Neve: Centigrade
[ parvoart ] recordings

M. Ostermeier: Percolate
[ parvoart ] recordings

By Marc Ostermeier's own description, Percolate features “experimental and ambient compositions often built from skeletal piano melodies and augmented with electronics and acoustic recordings,” as on-point a description of the mini-album as any I might venture. The Maryland-based university professor gravitates towards music's melancholy side in his pieces, and does so by embedding acoustic and rhodes piano melodies in fields of electronic elements—downtempo beats, atmospheric textures, percussive accents, and the like. The brooding “Clockwork” pairs electric piano and electric guitar twang in a way that suggests a lost track from an early Labradford session, while “Scratchy” adds a restrained post-rock urgency to the mix. A 4/4 rhythm and snare-kick drum pattern undergirds the twilight calm of “Continuity” with a techno pulse, whereas “September Again” is autumnal, but lovely and pensive too. “Persuasion,” Percolate's prettiest track, uses electric piano, guitar, and electronics to create a mood of wistful reverie that also carries with it more than a little uplift. In the final analysis, Ostermeier covers multiple stylistic bases during the release's twenty-six minutes without betraying the piano-based ambient style that is his music's essence.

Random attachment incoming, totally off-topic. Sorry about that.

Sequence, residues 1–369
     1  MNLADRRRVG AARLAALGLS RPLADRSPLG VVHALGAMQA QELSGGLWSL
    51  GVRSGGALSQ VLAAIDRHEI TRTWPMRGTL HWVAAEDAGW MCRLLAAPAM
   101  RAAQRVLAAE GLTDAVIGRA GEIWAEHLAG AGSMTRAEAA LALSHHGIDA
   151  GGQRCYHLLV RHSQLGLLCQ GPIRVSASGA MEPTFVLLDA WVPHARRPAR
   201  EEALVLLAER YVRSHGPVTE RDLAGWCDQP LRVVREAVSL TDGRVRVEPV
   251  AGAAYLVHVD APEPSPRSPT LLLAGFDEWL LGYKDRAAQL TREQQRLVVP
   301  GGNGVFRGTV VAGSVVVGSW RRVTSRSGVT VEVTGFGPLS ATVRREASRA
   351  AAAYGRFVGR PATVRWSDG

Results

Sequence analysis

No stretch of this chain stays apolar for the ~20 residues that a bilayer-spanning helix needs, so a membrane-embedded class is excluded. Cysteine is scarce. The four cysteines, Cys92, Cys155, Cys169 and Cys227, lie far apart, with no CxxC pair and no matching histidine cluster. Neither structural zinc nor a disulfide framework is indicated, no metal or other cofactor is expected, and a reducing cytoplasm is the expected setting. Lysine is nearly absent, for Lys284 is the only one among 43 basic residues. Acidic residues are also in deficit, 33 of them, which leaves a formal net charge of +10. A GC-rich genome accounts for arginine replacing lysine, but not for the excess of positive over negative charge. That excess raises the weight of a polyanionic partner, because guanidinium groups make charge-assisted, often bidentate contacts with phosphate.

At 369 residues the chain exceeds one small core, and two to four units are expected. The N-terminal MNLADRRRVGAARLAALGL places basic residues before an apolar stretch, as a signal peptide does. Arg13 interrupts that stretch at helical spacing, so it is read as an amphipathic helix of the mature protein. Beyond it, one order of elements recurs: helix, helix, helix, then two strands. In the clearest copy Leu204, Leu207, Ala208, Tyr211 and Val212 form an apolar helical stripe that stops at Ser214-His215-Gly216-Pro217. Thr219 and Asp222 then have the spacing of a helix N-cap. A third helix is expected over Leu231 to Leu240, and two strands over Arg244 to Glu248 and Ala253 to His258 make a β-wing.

Neve likewise provides a helpful characterization of the material on his own mini-album by calling Centigrade's tracks “micro sound sculptures.” Melody is therefore downplayed in favour of atmosphere and texture, as sine tones and electronic noises combine to form ambient sound paintings of brief duration. Settings range from severe (“Marvel”) to enigmatic (“Plexflux”) and windswept (“Surface Plane”) in micro-drone settings filled with hazy sine tones, willowy electronics, speckles of static, and low-end ambient rumble. Neve's description turns out to be a tad misleading, however, as it suggests stasis and stillness, and the release's nine tracks (ten if you include 2°C, a gallery of photographic images) are anything but still. Rather, they register more as mini-soundtracks for hikes undertaken through snow-covered forests or along the frozen river's edge.

February 2010